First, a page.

I spent a rainy day photographing the sleepy seaside town of Karatsu (唐津).
These photos are a combination of a gloomy day, some influence from my favorite Japanese photographer Moriyama Daido, and some of my own style. When I first saw Daido’s work I didn’t like it because I couldn’t make out a lot of detail in it, it was so dark. But then I came to understand is aesthetic and technique. His photos make you look hard at them and that in turn draws you in and lets you imagine and experience the scene. It’s a somewhat Japanese astetic and one that is being lost with modern, sterile, digital photos which are always sharp and detailed.
I intentionally exposed and processed the negatives to achieve this particular look. By being committed to a single outcome (ie. not having the endless tweak-ability of digital), I can focus more on recording the feelings of a scene rather than making them up later.
Lunch (local foods)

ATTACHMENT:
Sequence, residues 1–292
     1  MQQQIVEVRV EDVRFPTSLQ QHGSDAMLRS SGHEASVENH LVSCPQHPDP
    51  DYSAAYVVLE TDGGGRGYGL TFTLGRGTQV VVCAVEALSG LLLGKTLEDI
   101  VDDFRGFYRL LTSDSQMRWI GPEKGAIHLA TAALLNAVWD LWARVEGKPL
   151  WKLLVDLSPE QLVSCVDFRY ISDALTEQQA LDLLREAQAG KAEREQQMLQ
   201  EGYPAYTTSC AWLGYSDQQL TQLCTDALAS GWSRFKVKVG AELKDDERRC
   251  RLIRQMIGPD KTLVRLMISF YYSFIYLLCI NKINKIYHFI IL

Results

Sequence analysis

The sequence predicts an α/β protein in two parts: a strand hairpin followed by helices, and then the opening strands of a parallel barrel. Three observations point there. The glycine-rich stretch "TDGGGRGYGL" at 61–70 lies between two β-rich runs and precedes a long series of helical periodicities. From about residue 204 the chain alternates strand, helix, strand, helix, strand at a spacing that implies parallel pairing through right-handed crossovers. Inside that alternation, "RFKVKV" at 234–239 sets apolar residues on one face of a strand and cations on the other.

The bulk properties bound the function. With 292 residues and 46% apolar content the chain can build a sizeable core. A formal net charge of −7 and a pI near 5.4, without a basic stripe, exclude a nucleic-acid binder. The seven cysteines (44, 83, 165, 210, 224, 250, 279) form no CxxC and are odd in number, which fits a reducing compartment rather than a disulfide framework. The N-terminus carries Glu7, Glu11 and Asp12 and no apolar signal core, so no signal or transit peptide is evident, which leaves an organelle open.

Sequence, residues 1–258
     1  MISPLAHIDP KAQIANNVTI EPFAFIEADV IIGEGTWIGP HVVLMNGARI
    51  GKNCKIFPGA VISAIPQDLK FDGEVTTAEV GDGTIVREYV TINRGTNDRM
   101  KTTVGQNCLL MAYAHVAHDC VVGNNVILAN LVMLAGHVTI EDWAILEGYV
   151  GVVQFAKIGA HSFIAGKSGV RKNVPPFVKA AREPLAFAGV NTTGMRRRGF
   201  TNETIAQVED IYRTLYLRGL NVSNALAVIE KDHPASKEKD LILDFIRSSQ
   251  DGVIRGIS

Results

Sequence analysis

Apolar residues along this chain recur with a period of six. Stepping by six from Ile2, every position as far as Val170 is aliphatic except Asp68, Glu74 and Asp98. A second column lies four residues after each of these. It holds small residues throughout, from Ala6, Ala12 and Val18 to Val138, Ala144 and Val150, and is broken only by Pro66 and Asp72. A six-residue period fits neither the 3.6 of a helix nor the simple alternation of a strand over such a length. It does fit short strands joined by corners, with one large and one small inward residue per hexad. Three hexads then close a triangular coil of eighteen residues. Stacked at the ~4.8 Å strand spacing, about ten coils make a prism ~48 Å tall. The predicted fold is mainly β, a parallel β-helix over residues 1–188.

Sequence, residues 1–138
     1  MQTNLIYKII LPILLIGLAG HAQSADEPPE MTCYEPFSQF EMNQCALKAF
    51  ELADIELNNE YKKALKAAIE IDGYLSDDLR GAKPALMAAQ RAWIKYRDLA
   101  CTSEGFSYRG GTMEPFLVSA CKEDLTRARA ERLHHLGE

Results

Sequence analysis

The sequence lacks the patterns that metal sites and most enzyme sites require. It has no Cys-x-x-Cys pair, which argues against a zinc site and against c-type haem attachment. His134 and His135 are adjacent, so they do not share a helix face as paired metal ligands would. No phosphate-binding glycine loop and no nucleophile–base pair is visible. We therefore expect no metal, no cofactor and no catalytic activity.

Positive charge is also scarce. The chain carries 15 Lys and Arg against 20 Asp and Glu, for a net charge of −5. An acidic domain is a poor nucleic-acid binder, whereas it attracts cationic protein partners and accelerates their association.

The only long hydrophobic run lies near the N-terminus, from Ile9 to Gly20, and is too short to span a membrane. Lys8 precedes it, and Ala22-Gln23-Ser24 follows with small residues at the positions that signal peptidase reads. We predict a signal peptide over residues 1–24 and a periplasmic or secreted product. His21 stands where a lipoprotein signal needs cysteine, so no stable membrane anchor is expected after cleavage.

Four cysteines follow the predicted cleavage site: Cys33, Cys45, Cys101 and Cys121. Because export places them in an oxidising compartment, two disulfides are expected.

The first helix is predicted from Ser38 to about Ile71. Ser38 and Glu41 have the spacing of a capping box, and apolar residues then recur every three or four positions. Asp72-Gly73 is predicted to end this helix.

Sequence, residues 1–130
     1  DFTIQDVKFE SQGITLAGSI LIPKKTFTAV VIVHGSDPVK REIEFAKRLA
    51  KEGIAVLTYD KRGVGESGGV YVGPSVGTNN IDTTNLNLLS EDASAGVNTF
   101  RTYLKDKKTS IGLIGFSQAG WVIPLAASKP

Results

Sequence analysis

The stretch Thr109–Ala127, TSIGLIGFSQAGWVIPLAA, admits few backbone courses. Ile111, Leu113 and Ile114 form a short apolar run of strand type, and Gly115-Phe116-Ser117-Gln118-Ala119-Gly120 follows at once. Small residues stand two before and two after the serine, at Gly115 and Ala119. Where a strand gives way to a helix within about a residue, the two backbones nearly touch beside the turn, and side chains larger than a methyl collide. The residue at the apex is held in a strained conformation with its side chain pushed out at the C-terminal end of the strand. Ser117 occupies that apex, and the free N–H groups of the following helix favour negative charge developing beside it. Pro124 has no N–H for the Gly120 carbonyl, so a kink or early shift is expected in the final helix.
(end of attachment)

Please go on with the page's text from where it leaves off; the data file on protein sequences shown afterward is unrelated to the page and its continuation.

This photo the perfect metaphor for me as of late…
I’m starting to feel some motivation again however and shot several rolls of film at a local festival. Once I get a little time I’ll develop and start posting them. In the meantime this is from a roll I randomly shot around the streets recently.
A scene repeated daily at my local train station.
(shot with my vintage Ansco Shur Shot and developed in coffee)
As I mentioned in previous posts, the area I live in was fortunately not directly affected by the massive earthquake and tsunami. People here are going about their business as normal despite potential for a triple nuclear meltdown at the striken Fukushima nuclear power plant. I guess while I sit here too and wait for some good information (which has been in scarce supply), I’ll go about finishing up my series on the Hina Matsuri.
This came from a roll of film I was experimenting with. I shot Tri-X at EI200 and pulled development a bit. Some people say this produces really nice images. I personally am not impressed and prefer Fujifilm Acros@200 over Tri-X@200.
My girlfriend and I went around a historic part of town which had several houses and buildings open with many Hina Matsuri dolls on display inside, including some vintage dolls.
In previous years I never learned much about or took much note of the Hina Matsuri. I am endeavoring to correct that this year.